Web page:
We just bought a new van.
I've never really been that excited about new vehicles. When my first car was beyond help, we donated it. Downsized to one car. We were teaching in the same school system, not far from each other, and it just made sense.
Five years ago, though, when I was pregnant with our third child, we broke down and bought a used minivan. Nothing pretty. Just a basic van with no extras. But it was, we thought, functional.
(pause for laughter from anyone who knows anything about our red van...)
Within a year, the engine died. Followed by the water pump, and then the radiator. A tire blew on the interstate. Eventually, the rack and pinion gave out. And in between all that we regularly replaced random hoses and belts. Of those five years, that van was on the road for no more than three years total.
At first, it was no big deal. My daughter was still in school, and I was no longer teaching so we could just walk her up to the bus stop instead of driving her. The baby was very sick during his first year, and, when we weren't driving off to doctors' appointments together in our one reliable vehicle, I stayed at home with the boys anyway. Beyond a few LLL meetings, I didn't feel like we were missing much.
Then we started homeschooling. And there was a whole 'nother world we needed access to. So we started patching up the van and it would work for, oh, a month or two, and we would cram in as many activities as we could until it broke again.
This fall, when it started overheating again whenever it was driven more two miles, and when our mechanic discovered that the oil was mixing with the coolant and theorized that we needed yet another new engine, we gave up. The doctors' bills have slowed down and we paid the darn van off, and started the long, excruciating process of looking for a new one.
This time, we did things right. We took our time researching, comparing the blue book values and safety and reliability ratings and carfax reports. And, after shaking off the slimiest dealers, which is an entire discussion itself, we ended up with a gorgeous van. It's a 2006, a former rental vehicle with extremely low mileage and an excellent warranty, and lots of extras that I didn't even know I wanted until I had them.
In addition to the extras I didn't know I needed, the van came with a sense of freedom that I didn't realize I had been missing.
We can go anywhere. We can take off on impulse in the morning, or I can sign the kids up for something months in advance without worrying that we won't be able to get there. We'll be able to go to the beach this spring and collect sharks' teeth. We can even get stuck in traffic on the way home--the air conditioner and the heat both work, and the engine won't blow up. If it does, it's under warranty anyway.
I have a renewed appreciation for our freedom.
I taught in the school system for 12 year, and my daughter was there through third grade. We bask in the luxuries of homeschooling because we've seen the other side.
- We can each follow our body's natural rhythm. Which means my daughter and my youngest son can sleep past 9 or even 10, while my 7-year-old son can get up at 6:00. And he can start eating. Which brings me to...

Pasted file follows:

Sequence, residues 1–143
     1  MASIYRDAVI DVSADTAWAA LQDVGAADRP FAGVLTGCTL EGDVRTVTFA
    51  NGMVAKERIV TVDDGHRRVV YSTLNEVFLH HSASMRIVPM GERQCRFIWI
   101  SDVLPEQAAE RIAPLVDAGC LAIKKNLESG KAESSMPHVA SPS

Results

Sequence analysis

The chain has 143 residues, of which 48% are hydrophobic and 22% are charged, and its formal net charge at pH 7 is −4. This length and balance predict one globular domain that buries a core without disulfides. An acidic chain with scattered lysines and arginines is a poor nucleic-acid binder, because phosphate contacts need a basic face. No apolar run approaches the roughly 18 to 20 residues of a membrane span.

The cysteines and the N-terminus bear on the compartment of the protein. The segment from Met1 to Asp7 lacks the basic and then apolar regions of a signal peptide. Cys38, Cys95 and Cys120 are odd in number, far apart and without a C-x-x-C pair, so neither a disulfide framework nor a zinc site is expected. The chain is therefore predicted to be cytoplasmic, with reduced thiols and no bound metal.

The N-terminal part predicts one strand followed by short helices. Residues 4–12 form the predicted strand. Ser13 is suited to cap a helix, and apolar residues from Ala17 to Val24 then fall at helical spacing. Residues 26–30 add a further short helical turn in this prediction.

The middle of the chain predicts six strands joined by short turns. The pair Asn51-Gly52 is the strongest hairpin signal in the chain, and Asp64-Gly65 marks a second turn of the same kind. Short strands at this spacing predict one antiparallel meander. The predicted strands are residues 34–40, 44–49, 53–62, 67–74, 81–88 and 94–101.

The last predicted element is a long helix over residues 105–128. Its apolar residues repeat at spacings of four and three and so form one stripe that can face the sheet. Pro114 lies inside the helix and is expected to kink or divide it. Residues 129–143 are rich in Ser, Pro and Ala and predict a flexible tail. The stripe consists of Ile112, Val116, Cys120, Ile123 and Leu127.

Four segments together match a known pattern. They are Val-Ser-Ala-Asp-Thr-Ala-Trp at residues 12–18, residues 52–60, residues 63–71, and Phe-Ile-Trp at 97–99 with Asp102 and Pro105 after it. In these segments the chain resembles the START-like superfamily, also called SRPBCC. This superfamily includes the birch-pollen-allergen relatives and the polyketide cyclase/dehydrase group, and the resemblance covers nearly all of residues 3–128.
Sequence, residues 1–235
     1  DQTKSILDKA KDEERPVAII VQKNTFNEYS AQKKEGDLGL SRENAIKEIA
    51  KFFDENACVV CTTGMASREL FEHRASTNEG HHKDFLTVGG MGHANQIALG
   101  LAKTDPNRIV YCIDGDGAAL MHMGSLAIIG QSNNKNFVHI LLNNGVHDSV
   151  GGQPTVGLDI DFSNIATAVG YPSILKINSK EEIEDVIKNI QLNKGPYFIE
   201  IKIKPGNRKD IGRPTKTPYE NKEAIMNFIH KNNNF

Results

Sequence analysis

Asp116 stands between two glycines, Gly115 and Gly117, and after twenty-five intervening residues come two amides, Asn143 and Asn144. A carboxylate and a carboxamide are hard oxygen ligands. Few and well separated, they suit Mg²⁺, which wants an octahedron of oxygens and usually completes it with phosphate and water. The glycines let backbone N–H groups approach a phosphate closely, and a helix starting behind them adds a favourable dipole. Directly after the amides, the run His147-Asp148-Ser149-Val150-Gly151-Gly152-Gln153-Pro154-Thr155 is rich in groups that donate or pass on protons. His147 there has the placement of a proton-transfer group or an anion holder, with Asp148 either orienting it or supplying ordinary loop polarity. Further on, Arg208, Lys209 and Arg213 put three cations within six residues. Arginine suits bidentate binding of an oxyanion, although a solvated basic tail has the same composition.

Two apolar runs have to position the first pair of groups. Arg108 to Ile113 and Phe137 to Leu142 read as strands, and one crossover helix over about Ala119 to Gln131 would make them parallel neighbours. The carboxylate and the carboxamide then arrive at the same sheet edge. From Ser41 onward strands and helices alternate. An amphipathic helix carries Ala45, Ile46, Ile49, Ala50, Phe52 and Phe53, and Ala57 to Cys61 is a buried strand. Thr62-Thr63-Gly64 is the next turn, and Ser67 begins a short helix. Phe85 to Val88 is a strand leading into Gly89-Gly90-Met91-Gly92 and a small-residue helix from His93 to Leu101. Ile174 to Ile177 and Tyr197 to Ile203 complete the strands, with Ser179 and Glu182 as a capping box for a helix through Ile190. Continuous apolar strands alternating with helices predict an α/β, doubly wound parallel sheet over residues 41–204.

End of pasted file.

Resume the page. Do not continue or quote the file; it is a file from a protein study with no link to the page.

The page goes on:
- Food. My 7-year-old starts with a cereal bar, then a bowl or two of cereal, then a hot breakfast that's leisurely made sometime after the other kids get up, followed shortly thereafter by lunch. He stops eating around 4:00. Nt daughter, having eaten her share of school lunches, has a special appreciation for a well-stocked pantry and fridge. We can drink as much water (or, for me, coffee) as we want, whenever we want, because...
- We don't have to train our bladders to follow a predetermined schedule or justify how great the need is if it violates that schedule. We were at the Natural History Museum last week when a school group arrived--looked like middle school kids. They were organizing their groups near the bathroom when a teacher called out, "Since we're right here, who has to use the bathroom before we get started?" Some of the kids must have responded affirmatively, because she then said..."Well, you should have taken care of that before we left." Ummm...Okay.
- We can take full advantage of our proximity to Washington, DC. My kids love taking the Metro in and we can go during off-times and explore the museums at our leisure; we don't feel pressured to shove the entire experience into a couple hours. If we like something, we can linger; if we don't, we can leave. If we miss something important, we can go back next week. My 11- and 7-year-old can discuss the three branches of government and what they do, and can tell you what two groups make up Congress--because they see it. The Capital is real to them. We have the time and opportunity to participate in campaigns, to go to debates, to see candidates speak, and to watch the process and be a part of it instead of just reading about it.
- Socks. We can walk around in cozy, funky socks all day.
- We can go apple picking in the middle of the week in the mountains, and to the beach in the middle of the week. Now that we have a new van.
- We can stay up to all hours of the night, to see meteorites and comets, a lunar eclipse or the Northern Lights, when they appear this far south.
- We can eat warm brownies for lunch.
We have time to talk.
Missy's homeschooling journey began when she realized that the walls surrounding her daughter's classroom were too narrow; there was no room for exploration, no space for stretching. Now, she and her three children stretch and explore the world together. My blog: caffeinatedjive.